This mood board, a collection of perhaps more aesthetically pleasing photographs than a set that work together to compliment, I love for specifically that reason. They are beautiful photographs, not just compositionally, but the colours and sense of place is explored so thoughtfully, in a way that puts the subject, whether it be person or place, at the forefront of the images. I used a combination of landscape work and portraits, feeling though, as I knew I would, more connected to the portraits and story behind them. This though, is something I am willing to explore, why within my analysis and thought processing do I fixate on the person and then find it perhaps more cathartic and honest to shoot surroundings and still life? I think when putting this project into practise I need to push myself away from doing what is ‘safe’ in my eyes, and developing this idea of more of an attachment to people.
When doing the research for this mood board I specifically went out in order to find images that fit with the pastel, pale, and ‘gentle’ look, as I feel like the explorations that I’ve done in the past have always been succesful in this way. What is ‘funny’ though, is this attraction to a soft colour palette and then the type of photography that I could be producing for this project. With my two ideas, iI either take the approach to ‘home’, in which case I can allow myself further exploration into these tones, or I go with the idea of documenting the lives of my brothers friends, in which case, knitty gritty dark photos, with true blacks and minimal standout colour come to mind, although, could break the idea of these stereotypes by shooting the type of ‘gang culture’ photography, with a gentle palette – could be interesting?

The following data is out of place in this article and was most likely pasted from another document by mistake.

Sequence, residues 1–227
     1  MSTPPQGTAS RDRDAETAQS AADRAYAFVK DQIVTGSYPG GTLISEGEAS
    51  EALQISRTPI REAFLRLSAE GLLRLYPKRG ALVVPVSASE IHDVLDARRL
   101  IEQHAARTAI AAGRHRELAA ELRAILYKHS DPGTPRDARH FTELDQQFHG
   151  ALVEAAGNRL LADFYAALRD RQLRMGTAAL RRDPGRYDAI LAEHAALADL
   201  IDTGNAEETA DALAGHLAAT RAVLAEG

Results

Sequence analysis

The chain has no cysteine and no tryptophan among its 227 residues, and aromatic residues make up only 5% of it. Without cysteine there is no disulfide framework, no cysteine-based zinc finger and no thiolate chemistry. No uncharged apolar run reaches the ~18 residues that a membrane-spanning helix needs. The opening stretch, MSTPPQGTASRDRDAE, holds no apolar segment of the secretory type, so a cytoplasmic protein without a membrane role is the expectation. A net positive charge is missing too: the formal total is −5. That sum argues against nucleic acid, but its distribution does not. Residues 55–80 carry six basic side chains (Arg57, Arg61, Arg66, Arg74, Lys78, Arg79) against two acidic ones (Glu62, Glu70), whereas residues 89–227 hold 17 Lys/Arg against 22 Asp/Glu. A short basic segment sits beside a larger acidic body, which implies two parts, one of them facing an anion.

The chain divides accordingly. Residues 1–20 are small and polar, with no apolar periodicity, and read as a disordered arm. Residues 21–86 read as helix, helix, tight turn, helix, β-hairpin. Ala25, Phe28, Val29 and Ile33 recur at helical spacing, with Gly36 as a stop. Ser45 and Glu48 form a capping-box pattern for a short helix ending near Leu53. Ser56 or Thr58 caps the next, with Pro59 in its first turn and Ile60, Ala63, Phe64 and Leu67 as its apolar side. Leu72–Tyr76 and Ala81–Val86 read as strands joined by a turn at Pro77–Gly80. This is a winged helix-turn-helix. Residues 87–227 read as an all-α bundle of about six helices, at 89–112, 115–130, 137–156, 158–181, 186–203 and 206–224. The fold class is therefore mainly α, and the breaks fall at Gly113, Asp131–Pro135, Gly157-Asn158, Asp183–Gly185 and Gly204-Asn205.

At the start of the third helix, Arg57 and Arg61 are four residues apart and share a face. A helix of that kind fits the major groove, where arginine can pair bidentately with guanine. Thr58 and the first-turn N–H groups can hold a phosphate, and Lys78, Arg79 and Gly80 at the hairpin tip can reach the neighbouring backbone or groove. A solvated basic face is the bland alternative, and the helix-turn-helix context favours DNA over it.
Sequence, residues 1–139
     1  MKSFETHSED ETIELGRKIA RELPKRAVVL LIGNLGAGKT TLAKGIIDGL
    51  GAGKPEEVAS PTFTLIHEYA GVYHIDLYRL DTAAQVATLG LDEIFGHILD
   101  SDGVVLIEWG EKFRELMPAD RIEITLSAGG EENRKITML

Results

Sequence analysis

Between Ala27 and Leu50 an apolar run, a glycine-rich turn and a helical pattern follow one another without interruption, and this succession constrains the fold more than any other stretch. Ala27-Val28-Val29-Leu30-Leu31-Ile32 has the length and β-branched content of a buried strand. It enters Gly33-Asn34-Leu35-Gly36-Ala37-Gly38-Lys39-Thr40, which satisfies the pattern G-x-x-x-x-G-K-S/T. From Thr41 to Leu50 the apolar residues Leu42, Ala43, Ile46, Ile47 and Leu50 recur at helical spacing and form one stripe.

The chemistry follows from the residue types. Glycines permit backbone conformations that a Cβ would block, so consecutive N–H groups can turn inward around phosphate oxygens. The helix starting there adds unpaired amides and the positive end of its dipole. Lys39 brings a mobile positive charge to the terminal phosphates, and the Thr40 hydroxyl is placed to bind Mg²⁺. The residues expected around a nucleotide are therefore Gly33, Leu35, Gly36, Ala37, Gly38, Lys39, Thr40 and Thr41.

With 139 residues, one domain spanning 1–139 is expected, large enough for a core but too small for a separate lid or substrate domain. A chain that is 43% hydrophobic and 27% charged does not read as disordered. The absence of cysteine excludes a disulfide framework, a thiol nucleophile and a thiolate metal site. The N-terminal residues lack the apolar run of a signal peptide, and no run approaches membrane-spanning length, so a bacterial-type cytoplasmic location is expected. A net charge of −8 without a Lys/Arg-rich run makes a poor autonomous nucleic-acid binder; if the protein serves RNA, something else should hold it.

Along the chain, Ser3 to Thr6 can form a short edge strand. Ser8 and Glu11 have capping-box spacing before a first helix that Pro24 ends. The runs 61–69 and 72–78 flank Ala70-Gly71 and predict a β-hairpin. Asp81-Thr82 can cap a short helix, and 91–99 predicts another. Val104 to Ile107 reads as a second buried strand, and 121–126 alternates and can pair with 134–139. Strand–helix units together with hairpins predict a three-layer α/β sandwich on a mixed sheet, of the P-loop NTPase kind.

Also though, I know how dangerous it is to be so connected to one specific outcome within the initial days of a project, as this can put you in a corner and leave you trying so hard to adhere to the ideas at the beginning that you end up with outcomes that you’re never going to be happy with. For this reason I think I should definitely keep branching out and looking at perhaps photographers that fit into a wider brief.
Within the lookbook workshop with Jason on Photoshop, it was definitely interesting to see how the different photography aspects could fit into the various categories, especially with my pull towards exploring colour and the necessity of using a black and white mask. I found this frustrating as the clear approach I was taking was focussing on colour and really had to zone myself out to be able to contemplate how to look for other things within the work.
Artists explored in this look book varied from artists pulled out of the documentary Powerpoint and my own that I knew I liked. These ranged from of course, the great William Eggleston, to Jackie Nickerson, John Spinks, Spencer Murphy (especially relatable), as well as Ewen Spencer (again, someone to look further into), and Tyler Mitchell (to name a few).
Again, I felt like I was attracted to these different artists as inspiration for both the ideas I have, Jackie Nickerson, Eggleston and Spinks relating to the ideas and connotations surrounding ‘home’ and the others contributing towards the ‘youth culture’ idea. Seeing some of the images in black and white made me appreciate them more, as the light, tone and composition was enabled to stand out to a point that gives a deeper understanding to the photographs. This gives way to a deeper level of analysis, as you can really strip the photograph back to its basic elements without being distracted by colour aspects.